Newbie investors often don't realize how much return an outperformance of 4% or 5% produces in the long run. Compounding is so powerful that, over a long period of time, the outperformance will be massive.
To illustrate, consider the returns of, arguably, the best investor of all time, Warren Buffett, versus the market (say, S&P 500). Warren Buffett has produced around 20% annual return whereas the market has returned around 10% per year (rough numbers, off the top-of-my-head). This is only a 10% outperformance but given how Buffett has outperformed for more than 40 years, the results are staggering.
Let me quote Jeff Matthews, from his well-written overview of the 2013 Berkshire Hathaway Shareholder Meeting. If you want a perceptive recap of the annual meeting, I recommend reading the entire blog post ("“We Want to Win”: The Berkshire Hathaway Annual Meeting, 2013 Edition").
...Berkshire’s stock is at a new all-time high—$162,904 per share for the A shares on the close Friday.Think about that! Just an outperformance of around 10% has resulted in approx. $160,000 vs $2000! Tags: insightful, Warren Buffett
And considering that those same “A” shares were trading at $16 the day Buffett took control on May 10, 1965, well, it’s no surprise the crowd is feeling upbeat.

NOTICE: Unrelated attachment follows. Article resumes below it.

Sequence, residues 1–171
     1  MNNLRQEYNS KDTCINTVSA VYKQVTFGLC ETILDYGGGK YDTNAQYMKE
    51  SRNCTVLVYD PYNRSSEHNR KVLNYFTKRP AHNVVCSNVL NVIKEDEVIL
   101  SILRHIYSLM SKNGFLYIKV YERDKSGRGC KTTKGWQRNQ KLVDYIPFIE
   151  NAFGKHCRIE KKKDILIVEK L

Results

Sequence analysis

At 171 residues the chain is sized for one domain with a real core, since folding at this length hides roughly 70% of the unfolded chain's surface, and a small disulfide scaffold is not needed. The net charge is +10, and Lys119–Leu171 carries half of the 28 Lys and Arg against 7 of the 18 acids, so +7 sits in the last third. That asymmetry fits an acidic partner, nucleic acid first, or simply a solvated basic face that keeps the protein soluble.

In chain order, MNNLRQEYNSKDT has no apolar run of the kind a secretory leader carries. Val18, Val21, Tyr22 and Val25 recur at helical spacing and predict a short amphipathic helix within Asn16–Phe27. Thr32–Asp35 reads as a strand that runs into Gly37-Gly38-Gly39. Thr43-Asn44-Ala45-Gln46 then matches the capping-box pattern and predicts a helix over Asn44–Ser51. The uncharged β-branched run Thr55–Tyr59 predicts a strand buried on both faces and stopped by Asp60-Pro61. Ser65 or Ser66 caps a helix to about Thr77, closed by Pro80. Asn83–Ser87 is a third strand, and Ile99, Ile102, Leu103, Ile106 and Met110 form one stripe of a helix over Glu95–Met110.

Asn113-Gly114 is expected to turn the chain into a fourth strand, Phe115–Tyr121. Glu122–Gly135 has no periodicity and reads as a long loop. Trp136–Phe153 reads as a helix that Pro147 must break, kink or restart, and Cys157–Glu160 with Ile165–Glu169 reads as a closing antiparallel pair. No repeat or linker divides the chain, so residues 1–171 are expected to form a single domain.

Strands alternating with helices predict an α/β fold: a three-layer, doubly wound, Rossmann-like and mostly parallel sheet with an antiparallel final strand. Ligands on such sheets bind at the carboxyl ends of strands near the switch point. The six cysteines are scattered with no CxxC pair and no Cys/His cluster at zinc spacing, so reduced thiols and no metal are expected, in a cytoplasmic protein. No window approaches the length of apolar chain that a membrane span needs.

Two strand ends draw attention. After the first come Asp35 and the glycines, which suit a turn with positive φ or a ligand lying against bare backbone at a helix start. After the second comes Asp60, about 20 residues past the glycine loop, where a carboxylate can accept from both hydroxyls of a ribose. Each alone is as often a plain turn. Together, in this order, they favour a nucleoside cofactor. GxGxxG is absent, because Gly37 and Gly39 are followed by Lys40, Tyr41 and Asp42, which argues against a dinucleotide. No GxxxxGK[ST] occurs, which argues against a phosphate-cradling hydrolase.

How Good Is Warren Buffett’s Track Record, Really?
But how good is Warren Buffett’s track record, really?
Well, Berkshire’s stock has appreciated—this is appreciation only, no dividends, mind you—981,150% since May 10, 1965.
And if you’d put $16 into the S&P 500 instead of into one share of Berkshire on that same day, your share of the S&P 500 wouldn’t be worth $162,905 today from appreciation (we’re leaving out the dividends for now.)
In fact, your S&P 500 share wouldn’t be worth $100,000 today.
It wouldn’t even be worth $10,000 today.
It would be worth about $600.
Throw in dividends and you’re north of $1,000 but south of $2,000 on your $16 investment. The Berkshire shareholder has $162,904.
That’s how good Warren Buffet’s track record really is.